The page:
This was because agnatic primogeniture had not yet received its sanction as the law governing the succession to the French throne. Following the Valois succession, the agnates of the king, being "capable of the crown", rose in prominence. New peerages were created for the king's agnates, for a long time this continued to be so, before the peerage was extended to non-royalty. Over time, the dignity of a peer, feudal in nature, the dignity of a prince of the blood, dynastic in nature, clashed. Non-royal peers and princes of the blood who were peers disputed for higher precedence than the other; as the royal line contracted, each prince of the blood gained greater prominence. In 1576, Henry III of France issued an edict, as a counterpoise to the growing power of the House of Guise, which made the princes of the blood supreme over the peerage, amongst themselves, the closer in the line of succession would outrank the more distant, without regard to the actual title that they held. In France, the rank of prince du sang was the highest held at court after the immediate family of the king during the ancien régime and the Bourbon Restoration.
The rank of prince du sang or princesse du sang was restricted to legitimate agnates of the Capetian dynasty who were not members of the immediate family of the king. Originating in the 14th century, male princes du sang came to be recognized as entitled to seats on the Conseil du Roi and the Parlement de Paris, to precedence above all peers and to precedence among each other according to their respective places in the order of succession. During the last century of the reign of the House of Valois, when religious strife brought forth rivals for the throne, prince du sang became restricted in use to refer to dynasts who were distant members of the Royal Family. In theory, the princes of the blood included all members of the Capetian dynasty. In practice, only the agnatic descendants of Saint Louis IX, such as the Valois and the Bourbons, were acknowledged as princes du sang. France's kings, for instance, refused to recognize the Courtenay Capetians as princes of the blood; the Courtenays descended in legitimate male-line from King Louis VI, but had become impoverished, minor nobles over the centuries.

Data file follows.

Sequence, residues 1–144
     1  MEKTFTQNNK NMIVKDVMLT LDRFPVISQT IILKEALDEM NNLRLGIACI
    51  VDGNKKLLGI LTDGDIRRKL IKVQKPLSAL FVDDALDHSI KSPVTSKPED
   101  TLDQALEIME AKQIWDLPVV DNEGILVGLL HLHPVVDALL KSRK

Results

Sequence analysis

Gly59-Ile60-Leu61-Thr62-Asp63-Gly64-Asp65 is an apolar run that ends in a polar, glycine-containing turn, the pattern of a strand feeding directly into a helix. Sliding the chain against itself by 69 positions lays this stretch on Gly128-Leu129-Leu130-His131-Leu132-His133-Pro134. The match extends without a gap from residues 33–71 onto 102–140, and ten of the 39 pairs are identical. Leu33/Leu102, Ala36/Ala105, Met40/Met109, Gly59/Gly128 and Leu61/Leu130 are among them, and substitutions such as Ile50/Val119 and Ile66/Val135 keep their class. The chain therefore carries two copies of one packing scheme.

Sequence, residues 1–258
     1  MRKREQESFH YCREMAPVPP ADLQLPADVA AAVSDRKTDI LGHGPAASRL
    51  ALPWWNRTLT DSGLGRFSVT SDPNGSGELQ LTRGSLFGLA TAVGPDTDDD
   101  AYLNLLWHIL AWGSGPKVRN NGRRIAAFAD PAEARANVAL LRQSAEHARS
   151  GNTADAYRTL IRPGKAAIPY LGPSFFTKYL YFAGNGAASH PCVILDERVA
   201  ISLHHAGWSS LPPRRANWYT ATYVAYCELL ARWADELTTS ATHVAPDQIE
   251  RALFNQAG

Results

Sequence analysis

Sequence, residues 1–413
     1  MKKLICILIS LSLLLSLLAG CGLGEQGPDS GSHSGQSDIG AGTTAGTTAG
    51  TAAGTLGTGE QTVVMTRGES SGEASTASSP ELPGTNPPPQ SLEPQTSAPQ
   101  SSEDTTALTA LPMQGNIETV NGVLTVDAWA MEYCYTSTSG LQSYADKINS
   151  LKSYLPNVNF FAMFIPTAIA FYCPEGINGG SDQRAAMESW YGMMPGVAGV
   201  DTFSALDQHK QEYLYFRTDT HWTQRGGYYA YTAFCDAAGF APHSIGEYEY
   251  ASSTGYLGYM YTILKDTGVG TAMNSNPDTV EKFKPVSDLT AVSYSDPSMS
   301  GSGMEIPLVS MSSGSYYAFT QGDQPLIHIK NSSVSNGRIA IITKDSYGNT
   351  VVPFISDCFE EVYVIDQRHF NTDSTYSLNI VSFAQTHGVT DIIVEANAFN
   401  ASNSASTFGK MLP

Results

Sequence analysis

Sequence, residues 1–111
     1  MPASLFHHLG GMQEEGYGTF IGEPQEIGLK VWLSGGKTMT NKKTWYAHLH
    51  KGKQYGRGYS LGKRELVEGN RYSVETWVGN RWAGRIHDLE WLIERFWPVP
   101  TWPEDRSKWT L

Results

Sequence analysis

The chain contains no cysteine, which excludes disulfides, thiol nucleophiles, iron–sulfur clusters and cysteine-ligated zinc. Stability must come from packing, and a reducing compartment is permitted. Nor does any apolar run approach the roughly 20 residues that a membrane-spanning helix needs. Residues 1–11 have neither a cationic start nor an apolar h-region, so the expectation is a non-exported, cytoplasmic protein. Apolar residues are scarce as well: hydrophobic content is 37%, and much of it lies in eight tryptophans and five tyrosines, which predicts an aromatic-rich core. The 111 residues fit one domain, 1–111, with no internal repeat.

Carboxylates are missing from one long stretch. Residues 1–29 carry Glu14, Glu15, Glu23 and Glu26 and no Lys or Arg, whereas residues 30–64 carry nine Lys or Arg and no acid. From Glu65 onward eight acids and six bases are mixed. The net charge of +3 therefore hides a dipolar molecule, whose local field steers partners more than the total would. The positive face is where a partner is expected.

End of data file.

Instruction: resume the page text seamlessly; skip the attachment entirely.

Their repeated petitions for recognition to the Bourbon rulers were in vain. When the Treaty of Montmartre was concluded in 1662, declaring the House of Lorraine to be heirs to the French throne in the event of extinction of the Bourbons, the Courtenays protested, requesting substitution of the phrase "the royal house issued in legitimate male line from the kings of France" to no avail. In 1715 Louis-Charles de Courtenay, his son Charles-Roger and his brother Roger were once again rebuffed in their attempt to seek recognition of their status. Roger, abbé de Courtenay, was the last male of the family, dying on 5 May 1733, his sister Hélène de Courtenay, marquise de Bauffremont, obtained no redress when she appealed to the king in 1737 after the Parlement of Paris ordered the term "princesse du sang royal de France" deleted from court documents. A cadet branch of the Bourbon line, the Bourbon-Carencys, who were most distantly related to the Dukes of Bourbon, were denied princely rank and excluded from the Conseil du Roi until their extinction in 1530.
They descended from Jean, seigneur de Carency, the youngest son of Jean I de Bourbon, Count of La Marche. Since 1733, all legitimate male Capetians were of the House of Bourbon, of the Vendôme branch, descended from Charles, Duke of Vendôme. Charles' eldest son Antoine, King of Navarre, was the ancestor of the royal dynasties of France and Spain, of the House of Orléans, while his youngest son Louis, Prince of Condé, was the ancestor of the House of Condé. A cadet branch of the Condés was the House of Conti, who in male line descended of Henri, Prince of Condé. In an edict of July 1714, Louis XIV declared his legitimized sons, the Duke of Maine and Count of Toulouse, to be princes du sang and accorded them rights of succession to the French throne following all other princes du sang. Though the Parlement de Paris refused to register the decree, the king exercised his right to compel registration by conducting a lit de justice; the edict was revoked and annulled on 18 August 1715 by the Parlement on the authority of the regent after the king's death.